Roman cavalry re-enactment

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Α magnificent reenactment of a group of late Roman cavalrymen bearing combat and partly parade armour. Note the dragon standard of the draconarius, his elaborate greaves, the somewhat ‘familiar’ visor and helmet of the “lancer” on the left,


Römischer Schienenpanzer in Kalkriese – neuer Fund auf dem Schlachtfeld

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Von  kalkriese-varusschlacht.de

Illustration: Roland Warzecha


Wissenschaftler präsentieren Jahrhundertfund

Wieder einmal ist den Archäologen am Ort der Varusschlacht in Kalkriese eine sensationelle Entdeckung gelungen. Gefunden wurde ein römischer Schienenpanzer. Er ist annähernd vollständig und datiert in die Zeit um Christi Geburt. Der Kalkrieser Schienenpanzer ist somit das am besten erhaltene und derzeit älteste bekannte Exemplar dieses Rüstungstyps in der römischen Welt.

Schienenpanzer schützten den Oberkörper der römischen Soldaten. Sie bestanden aus Metallplatten und Schienen, die sich durch Scharniere und Lederriemen miteinander verbinden und dem Träger individuell anpassen ließen. More

Legion bases and fortresses during Trajan’s reign

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A map depicting the legion HQ and fortresses during Trajan’s reign (AD 98–117). Trajan was one of the greatest Roman emperors and in general Roman personalities. During his reign, the Roman Empire reached its greatest extent. Note that More

Whistling Sling Bullets Were Roman Troops’ Secret ‘Terror Weapon’

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Republication from livescience.com/

Some of the Roman sling bullets found at the Burnswark Hill battle site in Scotland. The two smallest bullets, shown at the bottom of this image, are drilled with a hole that makes them whistle in flight.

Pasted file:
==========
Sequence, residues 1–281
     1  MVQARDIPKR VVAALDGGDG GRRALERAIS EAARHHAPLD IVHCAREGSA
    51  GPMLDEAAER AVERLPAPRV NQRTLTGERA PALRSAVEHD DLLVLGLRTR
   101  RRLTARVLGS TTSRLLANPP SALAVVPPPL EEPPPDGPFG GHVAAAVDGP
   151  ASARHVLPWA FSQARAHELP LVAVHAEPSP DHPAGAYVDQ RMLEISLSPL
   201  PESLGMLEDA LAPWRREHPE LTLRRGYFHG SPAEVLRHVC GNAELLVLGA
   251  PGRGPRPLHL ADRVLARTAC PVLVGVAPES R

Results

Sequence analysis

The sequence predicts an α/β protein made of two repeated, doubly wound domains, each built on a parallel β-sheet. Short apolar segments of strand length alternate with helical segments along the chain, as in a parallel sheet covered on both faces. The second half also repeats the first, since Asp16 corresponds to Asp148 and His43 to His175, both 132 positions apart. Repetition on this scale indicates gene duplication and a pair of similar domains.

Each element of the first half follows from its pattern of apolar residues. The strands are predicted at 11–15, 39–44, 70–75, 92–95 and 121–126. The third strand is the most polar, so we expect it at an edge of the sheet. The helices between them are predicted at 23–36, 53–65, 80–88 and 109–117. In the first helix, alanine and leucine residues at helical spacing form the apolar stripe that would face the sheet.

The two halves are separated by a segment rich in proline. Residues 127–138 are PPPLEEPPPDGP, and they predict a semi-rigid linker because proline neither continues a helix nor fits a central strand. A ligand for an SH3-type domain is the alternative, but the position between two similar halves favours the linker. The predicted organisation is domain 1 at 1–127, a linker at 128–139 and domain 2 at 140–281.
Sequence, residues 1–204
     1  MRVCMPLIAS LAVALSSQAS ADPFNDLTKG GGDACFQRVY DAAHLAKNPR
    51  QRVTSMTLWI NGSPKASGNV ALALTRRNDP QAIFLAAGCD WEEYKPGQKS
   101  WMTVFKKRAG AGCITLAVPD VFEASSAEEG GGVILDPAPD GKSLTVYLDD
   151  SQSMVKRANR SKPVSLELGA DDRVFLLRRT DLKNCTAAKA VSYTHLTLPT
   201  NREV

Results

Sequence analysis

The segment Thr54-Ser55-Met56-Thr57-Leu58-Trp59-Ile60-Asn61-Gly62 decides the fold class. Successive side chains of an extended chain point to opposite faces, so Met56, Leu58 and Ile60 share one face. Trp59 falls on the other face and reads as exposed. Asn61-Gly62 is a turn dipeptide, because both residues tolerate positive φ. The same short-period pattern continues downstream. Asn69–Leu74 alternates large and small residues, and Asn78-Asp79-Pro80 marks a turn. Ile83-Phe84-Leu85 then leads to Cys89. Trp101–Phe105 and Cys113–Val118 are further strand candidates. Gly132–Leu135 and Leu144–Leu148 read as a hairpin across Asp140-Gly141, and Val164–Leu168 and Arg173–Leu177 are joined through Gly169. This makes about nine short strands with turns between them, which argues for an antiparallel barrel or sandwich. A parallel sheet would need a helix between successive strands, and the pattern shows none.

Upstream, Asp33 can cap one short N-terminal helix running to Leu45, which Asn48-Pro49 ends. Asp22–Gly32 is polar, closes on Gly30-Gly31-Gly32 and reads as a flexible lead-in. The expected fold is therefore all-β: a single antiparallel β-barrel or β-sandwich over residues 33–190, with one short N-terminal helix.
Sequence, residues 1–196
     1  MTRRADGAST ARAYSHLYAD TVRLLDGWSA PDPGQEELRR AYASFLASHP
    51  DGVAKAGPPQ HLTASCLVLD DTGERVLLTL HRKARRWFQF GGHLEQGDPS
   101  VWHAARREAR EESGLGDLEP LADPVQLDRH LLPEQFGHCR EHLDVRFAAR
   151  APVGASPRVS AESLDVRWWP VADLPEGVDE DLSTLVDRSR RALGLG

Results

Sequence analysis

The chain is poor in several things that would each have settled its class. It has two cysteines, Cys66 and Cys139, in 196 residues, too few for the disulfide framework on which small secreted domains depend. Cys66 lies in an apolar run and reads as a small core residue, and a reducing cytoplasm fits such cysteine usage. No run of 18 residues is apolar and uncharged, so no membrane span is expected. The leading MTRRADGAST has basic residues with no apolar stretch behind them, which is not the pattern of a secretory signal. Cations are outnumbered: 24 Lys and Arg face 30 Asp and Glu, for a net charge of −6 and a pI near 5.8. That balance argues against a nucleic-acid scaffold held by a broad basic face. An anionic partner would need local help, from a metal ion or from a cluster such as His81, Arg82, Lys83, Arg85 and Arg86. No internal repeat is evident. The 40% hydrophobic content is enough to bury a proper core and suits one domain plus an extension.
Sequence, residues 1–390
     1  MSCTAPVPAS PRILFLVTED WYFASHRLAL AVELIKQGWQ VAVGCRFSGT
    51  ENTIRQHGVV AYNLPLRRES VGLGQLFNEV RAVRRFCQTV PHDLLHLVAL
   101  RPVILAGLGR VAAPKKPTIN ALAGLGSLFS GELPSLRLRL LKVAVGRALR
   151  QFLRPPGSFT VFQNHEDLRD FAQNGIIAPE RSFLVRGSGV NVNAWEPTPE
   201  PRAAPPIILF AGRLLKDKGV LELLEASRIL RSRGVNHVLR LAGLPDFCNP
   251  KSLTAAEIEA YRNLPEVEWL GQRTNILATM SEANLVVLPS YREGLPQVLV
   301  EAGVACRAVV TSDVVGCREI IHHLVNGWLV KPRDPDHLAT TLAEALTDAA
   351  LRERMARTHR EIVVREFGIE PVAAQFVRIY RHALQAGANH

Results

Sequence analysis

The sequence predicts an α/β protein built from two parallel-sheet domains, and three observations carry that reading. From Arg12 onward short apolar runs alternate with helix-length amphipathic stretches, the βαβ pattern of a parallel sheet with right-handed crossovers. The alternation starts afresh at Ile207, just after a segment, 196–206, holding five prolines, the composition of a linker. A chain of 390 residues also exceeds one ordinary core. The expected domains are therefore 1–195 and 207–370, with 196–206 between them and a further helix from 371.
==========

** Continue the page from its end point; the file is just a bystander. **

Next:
(Image: © John Reid/Trimontium Trust)

Some 1,800 years ago, Roman troops used “whistling” sling bullets as a “terror weapon” against their barbarian foes, according to archaeologists who found the cast lead bullets at a site in Scotland.

Weighing about 1 ounce (30 grams), each of the bullets had been drilled with a 0.2-inch (5 millimeters) hole that the researchers think was designed to give the soaring bullets a sharp buzzing or whistling noise in flight.

The bullets were found recently at Burnswark Hill in southwestern Scotland, where a massive Roman attack against native defenders in a hilltop fort took place in the second century A.D. [See Photos of Roman Battle Site and Sling Bullets]


Romans vs Celts in Aquileia, Italy

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Aquileia was founded in 181 BC as a Roman colony to prevent Celtic incursions in the Italian interior. Soon the Celtic tribes of N/Eastern Alpine Italy, Pannonia and other neighbouring regions, reacted by force to this colonisation and I suppose that the image depicts a modern reenactment of the battle


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